Maharashtra Police is the law enforcement agency responsible for the Indian state of Maharashtra. It is headed by Director General of Police and headquartered in Mumbai, Maharashtra.
It has one of the largest police forces in the country, having about 10 Police Commissionerates and 35 district police units in the state. The Maharashtra Police force has a strength of nearly 1.95 lakh. It also has 1.5 lakh women in its force.
Maharashtra, a highly industrialized State with large urban conglomerates, has adopted Commissionerates system for policing its large cities. The State has 10 Commissionerates and 35 district police units. Details about these units as well as special units of Maharashtra Police Department are available under sub-head "Districts & Commissionerates and "Special Units of MPD" on the menu bar of the home page.
The motto of Maharashtra Police is . It means that Maharashtra Police is committed to PROTECTING THE RIGHTOUS AND CONTROLLING & ANNIHILATING THE EVIL. Maharashtra Police is headed by Director General of Police. The State police Head Quarter is located at Mumbai.
System of modern policing in Mumbai began with the establishment of a Police Out-post by the Portuguese in 1661.
Later in the year 1669 when the East India Company acquired Mumbai, Gerald Aungier became the Governor of the City and is considered the founder of the city's present Police Force. He organized the Bhandari Militia with Subhedars head quartered at Mahim, Sewree and Sion. He died at Surat in 1677.
During John Child's Governorship (1681-90) in the year 1682 there was only one ensign for the whole force of 500 militia, and of non-commissioned officers there were only three sergeants and two corporals.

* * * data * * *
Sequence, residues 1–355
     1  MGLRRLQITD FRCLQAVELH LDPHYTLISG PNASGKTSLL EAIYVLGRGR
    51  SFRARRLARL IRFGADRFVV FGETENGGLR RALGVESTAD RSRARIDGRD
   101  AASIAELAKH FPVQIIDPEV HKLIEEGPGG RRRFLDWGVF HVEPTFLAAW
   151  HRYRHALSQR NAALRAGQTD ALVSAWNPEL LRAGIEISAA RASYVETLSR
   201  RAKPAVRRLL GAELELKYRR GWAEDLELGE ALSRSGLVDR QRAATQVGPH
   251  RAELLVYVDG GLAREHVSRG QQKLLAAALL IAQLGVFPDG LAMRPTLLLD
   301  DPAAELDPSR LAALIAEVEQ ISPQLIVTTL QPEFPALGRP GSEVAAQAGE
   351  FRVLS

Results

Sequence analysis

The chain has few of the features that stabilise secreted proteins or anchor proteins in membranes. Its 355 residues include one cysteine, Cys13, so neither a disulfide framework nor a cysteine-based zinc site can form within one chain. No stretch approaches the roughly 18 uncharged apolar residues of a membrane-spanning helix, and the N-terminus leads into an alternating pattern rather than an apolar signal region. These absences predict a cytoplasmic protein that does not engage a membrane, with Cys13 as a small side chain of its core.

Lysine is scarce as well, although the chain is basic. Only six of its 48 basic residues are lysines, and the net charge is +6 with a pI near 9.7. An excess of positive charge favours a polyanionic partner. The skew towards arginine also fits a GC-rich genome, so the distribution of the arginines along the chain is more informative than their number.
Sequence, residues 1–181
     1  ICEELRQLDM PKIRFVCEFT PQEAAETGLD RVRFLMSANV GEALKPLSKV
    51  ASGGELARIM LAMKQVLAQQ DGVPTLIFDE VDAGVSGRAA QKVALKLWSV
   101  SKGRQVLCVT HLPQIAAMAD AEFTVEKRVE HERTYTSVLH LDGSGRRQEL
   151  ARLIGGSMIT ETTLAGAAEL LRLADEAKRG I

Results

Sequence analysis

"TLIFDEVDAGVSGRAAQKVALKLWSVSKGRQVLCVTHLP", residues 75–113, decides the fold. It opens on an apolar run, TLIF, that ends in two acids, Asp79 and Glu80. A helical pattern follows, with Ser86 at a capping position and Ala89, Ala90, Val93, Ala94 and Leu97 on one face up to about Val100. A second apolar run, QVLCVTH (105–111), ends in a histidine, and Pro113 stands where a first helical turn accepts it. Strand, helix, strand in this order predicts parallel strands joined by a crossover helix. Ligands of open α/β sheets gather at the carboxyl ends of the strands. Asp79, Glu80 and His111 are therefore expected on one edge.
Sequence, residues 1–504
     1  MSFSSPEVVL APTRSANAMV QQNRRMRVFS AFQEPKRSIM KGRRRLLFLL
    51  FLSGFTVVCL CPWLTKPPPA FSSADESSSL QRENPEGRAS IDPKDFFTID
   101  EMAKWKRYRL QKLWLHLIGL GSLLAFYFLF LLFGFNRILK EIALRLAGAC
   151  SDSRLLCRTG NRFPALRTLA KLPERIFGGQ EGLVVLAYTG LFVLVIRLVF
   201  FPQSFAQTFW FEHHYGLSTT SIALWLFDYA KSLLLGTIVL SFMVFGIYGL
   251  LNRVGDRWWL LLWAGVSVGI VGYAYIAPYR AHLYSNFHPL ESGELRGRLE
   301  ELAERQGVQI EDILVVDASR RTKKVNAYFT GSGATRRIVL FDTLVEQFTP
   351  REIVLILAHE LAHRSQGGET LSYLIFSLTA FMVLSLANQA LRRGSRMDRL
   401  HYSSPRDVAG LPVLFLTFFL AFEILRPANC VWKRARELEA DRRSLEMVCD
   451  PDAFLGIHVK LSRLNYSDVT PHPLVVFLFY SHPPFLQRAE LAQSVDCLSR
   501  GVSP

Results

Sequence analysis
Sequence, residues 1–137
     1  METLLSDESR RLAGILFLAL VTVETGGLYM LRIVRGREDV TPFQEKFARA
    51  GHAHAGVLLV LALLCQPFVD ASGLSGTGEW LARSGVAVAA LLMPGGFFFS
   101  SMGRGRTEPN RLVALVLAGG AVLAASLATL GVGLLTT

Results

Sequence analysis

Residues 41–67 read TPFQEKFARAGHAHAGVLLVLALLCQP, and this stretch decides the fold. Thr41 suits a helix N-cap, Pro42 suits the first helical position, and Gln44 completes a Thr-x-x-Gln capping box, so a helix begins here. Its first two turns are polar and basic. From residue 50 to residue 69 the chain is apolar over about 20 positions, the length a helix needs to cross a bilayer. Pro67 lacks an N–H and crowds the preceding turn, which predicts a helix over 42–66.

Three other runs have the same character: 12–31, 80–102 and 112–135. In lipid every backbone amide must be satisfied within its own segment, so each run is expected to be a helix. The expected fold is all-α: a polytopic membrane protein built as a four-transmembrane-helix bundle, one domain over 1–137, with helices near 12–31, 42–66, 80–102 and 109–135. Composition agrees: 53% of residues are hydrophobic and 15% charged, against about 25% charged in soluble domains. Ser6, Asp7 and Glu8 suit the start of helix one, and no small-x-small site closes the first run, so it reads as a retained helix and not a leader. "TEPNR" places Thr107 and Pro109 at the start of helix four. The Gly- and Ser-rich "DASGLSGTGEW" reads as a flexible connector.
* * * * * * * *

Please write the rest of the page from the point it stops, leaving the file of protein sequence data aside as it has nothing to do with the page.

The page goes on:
On February 17, 1779, Mr. James Tod was appointed as "Lieutenant of Police" on probation with an allowance of Rs. 4 per diem and on March 3rd of that year he was sworn in to office. Tod had a chequered career as head of the Bombay Police. Tod's regulations, which numbered 41, were the only rules for the management of the force which had been passed up to that date in a formal manner. He had twice been indicted for felony and had been honorably acquitted on both occasions: but he still lived in continual dread of blame.
On March 29th, 1780 the office of the Lieutenant of Police annulled and office of Deputy of police on fixed salary of Rs. 3000/- a year created in its place. On April 5th ,1780 Tod formally relinquished his formal office and was appointed as Deputy of Police. Subsequently his designation was changed to "Deputy of Police and High Constable". Three years later, in 1790, Tod's administration came to an inglorious end. He was tried for corruption.
In the year 1793, Act XXXIII, Geo. III was promulgated. The post of Deputy of Police and High Constable was abolished and in its place post of Superintendent of Police was created. Mr. Simon Halliday was the first Superintendent of Police. He was in-charge of his office until 1808. He had made a thorough revision of and re-arrangement for policing, the area out side the Fort. The troublesome area known as "Dungree and the Woods" was split up into 14 Police divisions, each division being staffed by two constables (European) and varying number of Peons (not exceeding 130 for the whole area), who were to be stationary in their respective charges and responsible for dealing with all illegal acts committed within their limits.